A generator without permanent magnets can be used as a amplifier. The extra power comes from the power provided by mechanically rotating the shaft. The magnitude of the output signal is then proportional to the shaft rotation speed and the field winding current. Since extra power is being added to the system via the shaft, you can get more power out than you put into the field windings. If you keep the shaft rotating at a fixed speed, the generator can be thought of as a amplifier from the field current to the output.
One problem with this is that these generators usually put out AC. That can be rectified, but will still have some ripple. If you wind the generator with enough poles and spin it fast enough, the AC output frequency can be higher than your highest frequency of interest. In that case, it can be AM demodulated to yield the final amplified signal.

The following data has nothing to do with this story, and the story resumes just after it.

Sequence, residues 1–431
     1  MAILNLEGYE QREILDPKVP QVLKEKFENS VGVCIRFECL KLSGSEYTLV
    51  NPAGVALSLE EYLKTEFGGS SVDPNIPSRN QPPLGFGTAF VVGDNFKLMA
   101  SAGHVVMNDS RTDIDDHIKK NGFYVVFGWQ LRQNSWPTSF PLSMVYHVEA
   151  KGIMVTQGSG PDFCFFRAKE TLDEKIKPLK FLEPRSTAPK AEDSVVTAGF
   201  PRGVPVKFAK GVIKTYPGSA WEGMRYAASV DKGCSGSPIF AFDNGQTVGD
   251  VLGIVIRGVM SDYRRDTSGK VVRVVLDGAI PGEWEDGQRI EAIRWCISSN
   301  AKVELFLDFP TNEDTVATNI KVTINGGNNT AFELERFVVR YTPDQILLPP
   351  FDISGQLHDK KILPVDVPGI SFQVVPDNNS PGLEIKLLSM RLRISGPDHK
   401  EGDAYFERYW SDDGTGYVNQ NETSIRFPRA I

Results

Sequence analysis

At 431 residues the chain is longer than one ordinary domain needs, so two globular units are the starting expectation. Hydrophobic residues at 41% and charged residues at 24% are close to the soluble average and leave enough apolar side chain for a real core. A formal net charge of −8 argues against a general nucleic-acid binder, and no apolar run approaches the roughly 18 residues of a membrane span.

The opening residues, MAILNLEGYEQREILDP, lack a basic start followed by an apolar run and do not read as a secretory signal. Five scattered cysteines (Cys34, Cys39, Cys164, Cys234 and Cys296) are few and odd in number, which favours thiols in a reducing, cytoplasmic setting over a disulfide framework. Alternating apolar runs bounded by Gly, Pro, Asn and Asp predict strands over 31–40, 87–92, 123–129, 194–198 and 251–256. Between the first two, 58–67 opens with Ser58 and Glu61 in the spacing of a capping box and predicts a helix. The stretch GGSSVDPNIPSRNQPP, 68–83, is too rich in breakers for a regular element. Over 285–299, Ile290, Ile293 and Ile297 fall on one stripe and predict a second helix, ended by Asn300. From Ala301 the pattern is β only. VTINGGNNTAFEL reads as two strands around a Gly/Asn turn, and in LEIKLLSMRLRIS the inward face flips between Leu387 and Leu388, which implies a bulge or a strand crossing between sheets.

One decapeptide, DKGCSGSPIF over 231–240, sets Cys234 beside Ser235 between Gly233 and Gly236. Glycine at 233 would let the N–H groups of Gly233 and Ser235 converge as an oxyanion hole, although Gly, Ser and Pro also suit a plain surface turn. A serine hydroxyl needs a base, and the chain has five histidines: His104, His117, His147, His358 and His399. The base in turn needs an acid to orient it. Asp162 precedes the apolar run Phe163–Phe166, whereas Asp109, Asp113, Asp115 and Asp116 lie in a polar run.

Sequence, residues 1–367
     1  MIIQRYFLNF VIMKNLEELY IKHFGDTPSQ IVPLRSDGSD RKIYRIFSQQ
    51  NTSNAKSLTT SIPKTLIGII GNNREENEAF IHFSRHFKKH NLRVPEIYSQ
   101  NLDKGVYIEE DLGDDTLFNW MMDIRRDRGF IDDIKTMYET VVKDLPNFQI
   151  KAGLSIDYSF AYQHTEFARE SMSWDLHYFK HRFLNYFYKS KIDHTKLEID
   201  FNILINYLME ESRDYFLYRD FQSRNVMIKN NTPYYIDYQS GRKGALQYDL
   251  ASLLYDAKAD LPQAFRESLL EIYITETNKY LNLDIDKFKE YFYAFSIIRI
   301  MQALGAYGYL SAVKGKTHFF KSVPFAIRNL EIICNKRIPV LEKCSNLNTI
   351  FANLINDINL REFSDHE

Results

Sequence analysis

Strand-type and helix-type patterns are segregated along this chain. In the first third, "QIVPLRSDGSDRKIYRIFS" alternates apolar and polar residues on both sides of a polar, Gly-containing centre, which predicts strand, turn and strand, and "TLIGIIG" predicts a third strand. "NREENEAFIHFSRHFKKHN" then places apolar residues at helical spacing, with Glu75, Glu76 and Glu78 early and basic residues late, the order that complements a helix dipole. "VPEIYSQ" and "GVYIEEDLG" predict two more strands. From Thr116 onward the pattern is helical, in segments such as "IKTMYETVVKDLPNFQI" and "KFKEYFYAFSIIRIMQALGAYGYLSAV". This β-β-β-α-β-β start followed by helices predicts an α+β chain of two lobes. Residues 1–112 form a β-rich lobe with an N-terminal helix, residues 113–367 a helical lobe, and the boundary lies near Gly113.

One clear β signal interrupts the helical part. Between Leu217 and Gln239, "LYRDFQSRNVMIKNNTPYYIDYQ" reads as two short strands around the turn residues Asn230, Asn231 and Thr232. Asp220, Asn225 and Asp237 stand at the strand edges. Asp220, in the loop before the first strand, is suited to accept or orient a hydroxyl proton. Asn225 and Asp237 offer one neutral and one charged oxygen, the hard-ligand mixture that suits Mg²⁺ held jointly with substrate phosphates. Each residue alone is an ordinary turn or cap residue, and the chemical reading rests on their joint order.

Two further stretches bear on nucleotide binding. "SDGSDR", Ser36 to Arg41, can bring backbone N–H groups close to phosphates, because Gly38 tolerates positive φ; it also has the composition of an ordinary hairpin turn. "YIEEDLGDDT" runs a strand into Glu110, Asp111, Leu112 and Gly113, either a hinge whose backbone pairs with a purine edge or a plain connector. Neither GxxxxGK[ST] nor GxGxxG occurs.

Rigging up something like this to work at audio frequencies will be tricky. However, you can demonstrate the concept without too much trouble at lower frequencies. Connect a LEB (light emitting bulb) to the output of the generator and spin it to get typical line frequency out, like 60 Hz. Now you can control the lightbulb, or a bank of lightbulbs, with much less power than it takes to drive them directly.
The alternator in your car actually works on this principle to keep the rectified output of the alternator at the right voltage. The alternator spins at whatever speed it spins at. The control system modulates the field current so that the alternator output produces the right voltage to keep the battery charged but to not overcharge it. In this case the "amplifier" is being used as a voltage regulator, but the overall concept is the same. Less power is required to run the alternator field windings, which comes from the 12 V DC, than the alternator puts back onto the 12 V DC line. The extra power comes from adding a mechanical load on the engine.